Waco mayoral candidates talk racial inequality


WACO, Texas – Both of the candidates’ reactions after learning of the death of George Floyd in Minnesota were similar.

“8 minutes and 46 seconds of horror. It’s too much,” said David Murrow.

“That is absolutely unacceptable conduct and should completely be held accountable,” Councilman Dillon Meek said.

Holding officers accountable for police misconduct has been the center piece of conversation across the country. FOX44 News asked the candidates how they would ensure officers in Waco are held accountable.

“I think that continuing to have a dialogue with community members leaders in our communities of color about ensuring that our policies are accurate and up to speed. I believe our police chief is working very deligently and hard to take these matters seriously,” said Meek.

“I would hold people accountable for their actions and they have to follow proper police procedures,” Murrow said.

According to a report by the provided by the City of Waco, whites account for 43 percent of Qaco’s population but hold 80 percent of the jobs paying more than $40,000 as of 2015.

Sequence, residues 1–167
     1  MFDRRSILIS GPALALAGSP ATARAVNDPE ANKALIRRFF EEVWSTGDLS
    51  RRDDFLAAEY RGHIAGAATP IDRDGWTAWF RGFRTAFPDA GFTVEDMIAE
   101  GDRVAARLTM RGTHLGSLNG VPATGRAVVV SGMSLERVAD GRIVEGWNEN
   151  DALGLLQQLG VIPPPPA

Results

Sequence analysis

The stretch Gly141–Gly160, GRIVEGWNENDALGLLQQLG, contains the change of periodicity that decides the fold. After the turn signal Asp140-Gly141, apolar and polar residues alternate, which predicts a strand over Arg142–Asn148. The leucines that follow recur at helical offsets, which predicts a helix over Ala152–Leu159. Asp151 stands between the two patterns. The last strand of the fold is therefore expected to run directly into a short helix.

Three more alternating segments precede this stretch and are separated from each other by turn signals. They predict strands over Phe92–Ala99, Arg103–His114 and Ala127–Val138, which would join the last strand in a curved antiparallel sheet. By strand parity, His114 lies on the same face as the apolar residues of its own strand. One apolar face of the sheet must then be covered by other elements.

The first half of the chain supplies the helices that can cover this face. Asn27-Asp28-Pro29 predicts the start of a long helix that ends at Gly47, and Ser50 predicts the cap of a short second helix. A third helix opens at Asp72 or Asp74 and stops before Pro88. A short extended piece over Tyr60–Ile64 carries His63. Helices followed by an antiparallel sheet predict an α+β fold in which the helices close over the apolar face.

FOX44 News asked Waco’s the candidates about how they would address this economic contrast if elected.

“We can help solve some of the poverty problems in Waco. We can help a lot of individuals have a better life. Our poverty rate in Waco is twice that of Texas,” said Murrow.

“First thing we need to do as a city is look at how our city business is run, hiring policies, purchasing policies, procurement policies and ensuring that we are looking at those policies with an equitable lens,” Meek said.

According to this same report, among white households, 13.5 percent make less than $25,000 a year, compared with 25.3 percent among Hispanics and 51.1 percent among blacks.

Nearly 29 percent of white households make more than $100,000 a year, compared with 3.3 percent for blacks and 8.7 percent for Hispanics.

African Americans in 2017 had a 31 percent mortgage denial rate, compared with 20.9 percent for Hispanics and 11.7 percent for whites.

“First of all, we have a brain drain. Young black and brown folks who get a good education often leave for bigger cities because there’s better opportunities. I think we need to create opportunities here by promoting opportunities to start small businesses and be entrepreneurs,” Murrow said.

“This is your town and we want to learn as best as we can how to ensure that you know this is your town and you have a place and that you will grow and advance here,” said Meek.

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